There is much to learn in dating. If you can learn to not take others' rejection personally, that's a huge learning! If you can learn that you are helpless over others' choices, and that their choices are informational - that's another huge learning! Finally, learning about whether or not you are making others responsible for your sense of worth, and learning to take responsibility for your own feelings is the biggest learning of all!
maha2us - North Chelmsford - 02/26/2013 02:44 AM
Nice article, Dr: M. Before I started practicing IB, I went on date with an objective of getting love. I believed the person whom I will be loving will have full of love for me and will be showering love on me. Also I expected the person who would be marrying will be rescuing me from the problems I am having. Now after long IB practice, my outlook is changed a lot.
Now when I am into dating, I will be knowing my capability of expressing the love within me. I will be looking forward to hone my capacity of being a caring, compassionate, gentle and tender person when I go for dating.
Cheers and Hugs,
Dr.Margaret - Berthoud - 02/26/2013 04:59 AM
I look forward to hearing about this when you start to date again.
Allan - 02/26/2013 07:16 PM
This is really a current topic in a time where dating has become so much easier available. I'm sure sure many can relate to it. I have found my projection on some guys I've been dating to go so deep, even when I had only seen them one or a few times. Some men can trigger so much stuff inside me, which really has nothing to do with them. Just as much as their behavior has nothing to do with me. It's just that their wounded self triggers mine. For example, their wounded running behavior triggers my shame and guild, as well as my false convictions that I have control over others. So I need to deal with that separately. Which can be hard sometimes, because my wounded teenager tends to not want to separate things. It's a slow proces for me.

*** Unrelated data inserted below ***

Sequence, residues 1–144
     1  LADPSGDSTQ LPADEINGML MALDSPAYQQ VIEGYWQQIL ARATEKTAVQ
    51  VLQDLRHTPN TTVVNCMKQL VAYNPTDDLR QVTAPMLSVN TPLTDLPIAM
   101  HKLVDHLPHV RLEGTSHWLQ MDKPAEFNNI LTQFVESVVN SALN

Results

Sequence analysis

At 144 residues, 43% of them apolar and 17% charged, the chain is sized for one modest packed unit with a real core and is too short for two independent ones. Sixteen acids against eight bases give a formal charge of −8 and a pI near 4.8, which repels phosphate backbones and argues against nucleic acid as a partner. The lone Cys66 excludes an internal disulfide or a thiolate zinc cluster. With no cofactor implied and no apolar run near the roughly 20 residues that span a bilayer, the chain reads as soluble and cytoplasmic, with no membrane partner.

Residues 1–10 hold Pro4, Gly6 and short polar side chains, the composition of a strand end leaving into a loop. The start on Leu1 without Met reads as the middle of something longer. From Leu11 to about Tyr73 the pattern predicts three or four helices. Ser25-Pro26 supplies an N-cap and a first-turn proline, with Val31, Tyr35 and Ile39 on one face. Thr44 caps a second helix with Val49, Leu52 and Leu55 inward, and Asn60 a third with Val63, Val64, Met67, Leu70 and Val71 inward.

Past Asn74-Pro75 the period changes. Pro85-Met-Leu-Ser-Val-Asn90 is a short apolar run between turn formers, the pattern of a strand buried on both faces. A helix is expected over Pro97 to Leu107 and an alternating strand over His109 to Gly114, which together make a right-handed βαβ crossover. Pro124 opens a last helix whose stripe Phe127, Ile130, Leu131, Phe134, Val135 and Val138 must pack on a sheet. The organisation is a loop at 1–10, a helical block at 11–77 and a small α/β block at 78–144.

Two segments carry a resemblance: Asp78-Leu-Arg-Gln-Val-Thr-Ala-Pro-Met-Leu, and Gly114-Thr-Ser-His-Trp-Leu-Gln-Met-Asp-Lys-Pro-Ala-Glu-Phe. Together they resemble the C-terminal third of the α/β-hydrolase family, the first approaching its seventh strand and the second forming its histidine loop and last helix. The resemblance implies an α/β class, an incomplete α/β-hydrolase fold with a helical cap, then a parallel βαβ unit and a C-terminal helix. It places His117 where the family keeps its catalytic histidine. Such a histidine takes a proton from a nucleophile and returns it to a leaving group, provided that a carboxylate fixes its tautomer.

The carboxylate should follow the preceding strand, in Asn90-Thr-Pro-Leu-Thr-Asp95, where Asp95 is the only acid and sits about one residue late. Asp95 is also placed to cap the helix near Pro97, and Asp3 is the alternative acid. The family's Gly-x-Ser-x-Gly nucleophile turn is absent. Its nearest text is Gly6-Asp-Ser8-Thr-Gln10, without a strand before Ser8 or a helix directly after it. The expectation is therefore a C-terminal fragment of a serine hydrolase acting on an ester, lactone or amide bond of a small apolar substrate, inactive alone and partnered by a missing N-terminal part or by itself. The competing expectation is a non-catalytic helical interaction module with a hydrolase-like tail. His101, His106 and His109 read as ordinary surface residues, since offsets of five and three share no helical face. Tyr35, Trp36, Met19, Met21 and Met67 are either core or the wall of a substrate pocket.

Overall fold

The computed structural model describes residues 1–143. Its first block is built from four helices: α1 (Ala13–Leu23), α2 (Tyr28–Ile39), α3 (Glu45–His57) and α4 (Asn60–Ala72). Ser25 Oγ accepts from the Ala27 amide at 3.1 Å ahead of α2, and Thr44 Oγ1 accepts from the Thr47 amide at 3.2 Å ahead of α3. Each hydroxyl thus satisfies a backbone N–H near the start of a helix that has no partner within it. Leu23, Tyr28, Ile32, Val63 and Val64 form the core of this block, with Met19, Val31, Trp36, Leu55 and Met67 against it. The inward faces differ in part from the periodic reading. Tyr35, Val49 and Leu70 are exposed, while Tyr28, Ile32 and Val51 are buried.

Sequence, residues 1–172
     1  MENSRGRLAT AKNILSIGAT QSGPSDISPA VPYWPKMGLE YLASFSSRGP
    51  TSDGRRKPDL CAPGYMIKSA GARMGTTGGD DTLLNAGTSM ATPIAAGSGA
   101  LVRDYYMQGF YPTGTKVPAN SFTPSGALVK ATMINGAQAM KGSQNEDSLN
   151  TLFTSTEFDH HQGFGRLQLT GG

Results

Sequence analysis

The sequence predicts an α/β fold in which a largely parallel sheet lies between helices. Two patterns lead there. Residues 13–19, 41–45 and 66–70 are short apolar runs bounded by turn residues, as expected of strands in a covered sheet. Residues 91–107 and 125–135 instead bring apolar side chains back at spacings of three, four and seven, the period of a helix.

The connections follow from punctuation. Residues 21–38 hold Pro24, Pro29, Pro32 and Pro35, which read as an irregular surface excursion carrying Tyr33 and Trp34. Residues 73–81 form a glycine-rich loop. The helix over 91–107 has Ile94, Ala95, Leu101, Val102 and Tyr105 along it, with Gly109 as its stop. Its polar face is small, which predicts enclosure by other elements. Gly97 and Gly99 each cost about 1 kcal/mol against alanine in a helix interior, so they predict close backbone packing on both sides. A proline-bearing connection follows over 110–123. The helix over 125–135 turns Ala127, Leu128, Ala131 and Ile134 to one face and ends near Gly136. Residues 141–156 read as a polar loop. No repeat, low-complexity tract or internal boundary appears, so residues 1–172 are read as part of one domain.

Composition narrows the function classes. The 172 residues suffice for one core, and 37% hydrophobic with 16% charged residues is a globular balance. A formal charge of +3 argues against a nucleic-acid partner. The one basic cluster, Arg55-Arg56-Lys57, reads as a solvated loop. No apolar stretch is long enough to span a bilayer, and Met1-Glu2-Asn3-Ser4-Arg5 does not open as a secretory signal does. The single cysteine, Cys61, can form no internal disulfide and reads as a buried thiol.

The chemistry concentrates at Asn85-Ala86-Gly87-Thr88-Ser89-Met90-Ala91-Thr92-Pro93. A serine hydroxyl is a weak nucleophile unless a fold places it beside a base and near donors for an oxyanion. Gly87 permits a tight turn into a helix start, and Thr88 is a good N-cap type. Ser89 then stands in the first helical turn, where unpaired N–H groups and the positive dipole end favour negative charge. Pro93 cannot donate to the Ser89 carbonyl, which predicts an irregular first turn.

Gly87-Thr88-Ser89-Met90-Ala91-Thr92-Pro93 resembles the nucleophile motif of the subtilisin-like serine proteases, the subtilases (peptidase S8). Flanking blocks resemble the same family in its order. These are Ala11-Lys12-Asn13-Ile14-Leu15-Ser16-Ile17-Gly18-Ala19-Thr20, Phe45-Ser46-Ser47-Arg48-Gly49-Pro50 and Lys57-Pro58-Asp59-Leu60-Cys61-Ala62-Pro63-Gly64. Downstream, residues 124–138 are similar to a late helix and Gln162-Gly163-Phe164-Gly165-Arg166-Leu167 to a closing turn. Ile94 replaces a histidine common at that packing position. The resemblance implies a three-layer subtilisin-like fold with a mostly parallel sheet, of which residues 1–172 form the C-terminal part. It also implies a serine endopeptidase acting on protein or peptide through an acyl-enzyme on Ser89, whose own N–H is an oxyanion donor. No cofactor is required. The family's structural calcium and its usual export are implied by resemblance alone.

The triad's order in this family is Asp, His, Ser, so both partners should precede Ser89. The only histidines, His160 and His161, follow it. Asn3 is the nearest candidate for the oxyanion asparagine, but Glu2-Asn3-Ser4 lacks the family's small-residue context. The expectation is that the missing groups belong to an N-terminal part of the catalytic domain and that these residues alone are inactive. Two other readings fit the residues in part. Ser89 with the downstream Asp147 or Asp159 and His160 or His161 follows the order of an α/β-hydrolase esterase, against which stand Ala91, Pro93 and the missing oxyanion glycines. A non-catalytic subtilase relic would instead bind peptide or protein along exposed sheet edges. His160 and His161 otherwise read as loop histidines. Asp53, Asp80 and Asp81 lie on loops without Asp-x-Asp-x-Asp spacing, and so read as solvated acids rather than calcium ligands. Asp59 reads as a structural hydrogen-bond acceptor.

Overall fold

TheHullster - 03/12/2013 04:08 PM
Hi Allan, I can certainly relate to you. But I still can't see how someone's behavior has nothing to do with me. When I get rejected as I just was recently, my WS tells me that if I was smarter, stronger, etc., they would not have rejected me. For example, someone who is too clingy and pulling on someone will usually get rejected by the other. This is what I have come to learn and have seen for myself over the years, so I'm still not getting how it's not about me but the other. You sound like you have a better grasp on this concept than I do.
Dr.Margaret - Berthoud - 03/12/2013 08:24 PM
You might want to read this article: https://www.innerbonding.com/show-article/2706/when-should-you-take-it-personally.html
TheHullster - 03/12/2013 09:33 PM
Margaret, this is the way I understand it from reading your article: if Im in my wounded self and am acting clingy and needy and the other person runs away, I'm to take that personally. But I'f im being loving, caring and open and someone is being harsh back to me, I'm not to take that personally because i did nothing to bring on that reaction. I was in my loving self. This is the reason I don't understand how one can claim as a generalization that rejection is never about the person being rejected. Sometimes it is personal and the one rejecting did it because he/she just coudln't stand the neediness or abuse or whatever other similar unpleasant behavior of the other. Am I missing something?